Teacher Learning Community

Spring 2018 TLC: Using Developmental and Cognitive Sciences to Enhance Instruction - Activity 5 Resources

Course leader:
SEED Team

Teacher Quality Standards

  • QS III: Teachers plan and deliver effective instruction and create an environment that facilitates learning for their students.
    • Element A: Teachers demonstrate knowledge about the ways in which learning takes place, including the levels of intellectual, physical, social, and emotional development of their students.

Students as Self-Advocates

In this final activity you will explore resources that will prompt your thinking about ways to support your students in understanding and advocating for their learning needs. Critical skills of reflection and thinking metacognitively lead students to greater understanding of the way they learn and the ability to learn in new ways. A critical component of supporting students to be self-advocates for their own learning is a classroom culture that empowers them to do so.

Resources

This article examines reflection and the effects it can have on the learner. Traits of reflection including metacognition, that it is applicable and shared with others are all explored. 

This website houses videos that show students how to self-advocate. 

This article explores the benefits of the neuroplasticity of the teenage brain, and how to foster learning. 

This article discusses why it is important for gifted students in higher grades self-advocate.  It also gives ideas on how to get students to effectively self-advocate.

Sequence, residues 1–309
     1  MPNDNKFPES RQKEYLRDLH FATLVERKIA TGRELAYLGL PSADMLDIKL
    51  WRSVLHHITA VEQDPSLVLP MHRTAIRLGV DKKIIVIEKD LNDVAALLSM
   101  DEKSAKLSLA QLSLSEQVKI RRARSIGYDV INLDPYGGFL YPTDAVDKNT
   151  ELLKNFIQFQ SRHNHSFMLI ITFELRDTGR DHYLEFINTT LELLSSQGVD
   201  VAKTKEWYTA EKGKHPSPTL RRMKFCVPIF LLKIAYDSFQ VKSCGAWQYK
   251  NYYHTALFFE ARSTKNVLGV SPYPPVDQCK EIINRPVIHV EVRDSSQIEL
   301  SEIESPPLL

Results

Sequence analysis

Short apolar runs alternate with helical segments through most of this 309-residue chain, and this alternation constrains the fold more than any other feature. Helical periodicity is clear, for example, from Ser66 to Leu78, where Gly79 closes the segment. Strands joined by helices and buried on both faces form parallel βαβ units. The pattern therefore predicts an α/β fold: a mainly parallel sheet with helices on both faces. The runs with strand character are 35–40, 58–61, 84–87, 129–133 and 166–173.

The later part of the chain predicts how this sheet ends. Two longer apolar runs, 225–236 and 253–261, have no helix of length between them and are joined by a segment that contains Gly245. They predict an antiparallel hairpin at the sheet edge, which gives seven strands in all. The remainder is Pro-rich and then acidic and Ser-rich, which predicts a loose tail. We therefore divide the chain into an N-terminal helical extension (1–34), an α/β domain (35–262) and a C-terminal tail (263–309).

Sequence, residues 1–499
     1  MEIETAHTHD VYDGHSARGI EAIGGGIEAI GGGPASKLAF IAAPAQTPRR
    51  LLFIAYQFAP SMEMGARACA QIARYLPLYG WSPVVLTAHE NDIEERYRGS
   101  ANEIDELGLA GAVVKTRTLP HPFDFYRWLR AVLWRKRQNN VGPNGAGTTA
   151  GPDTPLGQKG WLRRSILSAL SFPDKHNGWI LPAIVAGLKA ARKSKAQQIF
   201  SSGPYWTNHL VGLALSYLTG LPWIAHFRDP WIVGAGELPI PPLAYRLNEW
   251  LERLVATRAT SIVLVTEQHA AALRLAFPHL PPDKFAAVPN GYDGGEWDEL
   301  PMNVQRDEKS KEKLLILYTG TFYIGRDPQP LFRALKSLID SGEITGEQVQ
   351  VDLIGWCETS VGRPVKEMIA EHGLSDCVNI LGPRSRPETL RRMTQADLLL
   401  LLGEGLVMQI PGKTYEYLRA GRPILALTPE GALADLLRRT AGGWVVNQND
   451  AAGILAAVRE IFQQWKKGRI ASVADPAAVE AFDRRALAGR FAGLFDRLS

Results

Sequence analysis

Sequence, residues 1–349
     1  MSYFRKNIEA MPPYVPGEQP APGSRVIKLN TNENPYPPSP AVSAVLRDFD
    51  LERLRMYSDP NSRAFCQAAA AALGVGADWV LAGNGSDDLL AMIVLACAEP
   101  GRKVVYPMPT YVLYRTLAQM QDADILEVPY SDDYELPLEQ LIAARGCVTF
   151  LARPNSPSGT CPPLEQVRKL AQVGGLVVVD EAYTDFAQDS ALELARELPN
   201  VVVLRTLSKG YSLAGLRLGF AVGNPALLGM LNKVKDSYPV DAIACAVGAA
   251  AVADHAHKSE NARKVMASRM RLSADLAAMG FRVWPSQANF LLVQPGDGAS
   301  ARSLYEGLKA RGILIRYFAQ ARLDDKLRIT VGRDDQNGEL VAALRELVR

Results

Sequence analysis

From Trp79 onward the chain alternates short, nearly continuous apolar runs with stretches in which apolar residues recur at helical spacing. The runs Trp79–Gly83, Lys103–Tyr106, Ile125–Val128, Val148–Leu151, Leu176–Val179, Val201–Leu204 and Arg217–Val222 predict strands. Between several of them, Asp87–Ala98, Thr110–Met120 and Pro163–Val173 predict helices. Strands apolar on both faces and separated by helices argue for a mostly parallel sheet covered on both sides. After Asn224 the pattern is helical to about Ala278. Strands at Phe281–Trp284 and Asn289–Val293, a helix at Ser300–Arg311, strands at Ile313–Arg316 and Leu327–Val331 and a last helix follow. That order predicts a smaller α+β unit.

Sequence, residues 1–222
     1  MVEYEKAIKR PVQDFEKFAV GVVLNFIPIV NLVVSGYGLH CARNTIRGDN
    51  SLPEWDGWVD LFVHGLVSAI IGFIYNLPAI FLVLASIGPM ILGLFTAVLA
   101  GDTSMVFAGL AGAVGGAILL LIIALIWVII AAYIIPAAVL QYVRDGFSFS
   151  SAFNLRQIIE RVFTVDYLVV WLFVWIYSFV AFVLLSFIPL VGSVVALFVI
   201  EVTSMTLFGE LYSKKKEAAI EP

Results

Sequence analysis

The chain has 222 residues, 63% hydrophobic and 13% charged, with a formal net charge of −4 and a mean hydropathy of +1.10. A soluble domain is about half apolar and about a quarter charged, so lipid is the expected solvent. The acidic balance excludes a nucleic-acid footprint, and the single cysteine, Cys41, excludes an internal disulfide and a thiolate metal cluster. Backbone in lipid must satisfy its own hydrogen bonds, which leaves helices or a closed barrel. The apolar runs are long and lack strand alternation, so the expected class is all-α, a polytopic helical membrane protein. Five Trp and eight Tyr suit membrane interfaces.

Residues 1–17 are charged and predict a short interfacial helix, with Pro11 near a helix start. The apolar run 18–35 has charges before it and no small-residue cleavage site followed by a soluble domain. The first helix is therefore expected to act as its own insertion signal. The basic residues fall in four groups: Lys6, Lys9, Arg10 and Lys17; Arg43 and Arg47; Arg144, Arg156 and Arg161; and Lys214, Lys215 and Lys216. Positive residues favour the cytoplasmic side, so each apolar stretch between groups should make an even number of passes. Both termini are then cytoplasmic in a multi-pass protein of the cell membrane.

"By co-developing classroom norms and practicing reflection and feedback, you create a culture where students want to be included because their voice matters."

This article is focused on maker education and has important applications for any kind of hands-on learning experience. It encourages teachers to frame lessons with goals and engage students in reflecting on those goals to make hands-on learning experiences meaningful.

This article outlines the importance of metacognition in learning and examines ways to help students be more metacognitive.  The author highlights different activities or strategies that educators can use at different student ages.   

In this article from the Educational Leadership issue on giving students ownership of learning, students describe times when they felt in charge of their learning in school.

 

This book chapter in Teaching Students To Drive Their Brains makes the case that teaching about metacognition can help students better understand their learning.

“Self-advocacy is when your child understands her strengths and weaknesses, knows what she needs to succeed and communicates that to other people.”

This article spells out the importance of student reflection on student learning. It also gives suggestions of how to help students be reflective.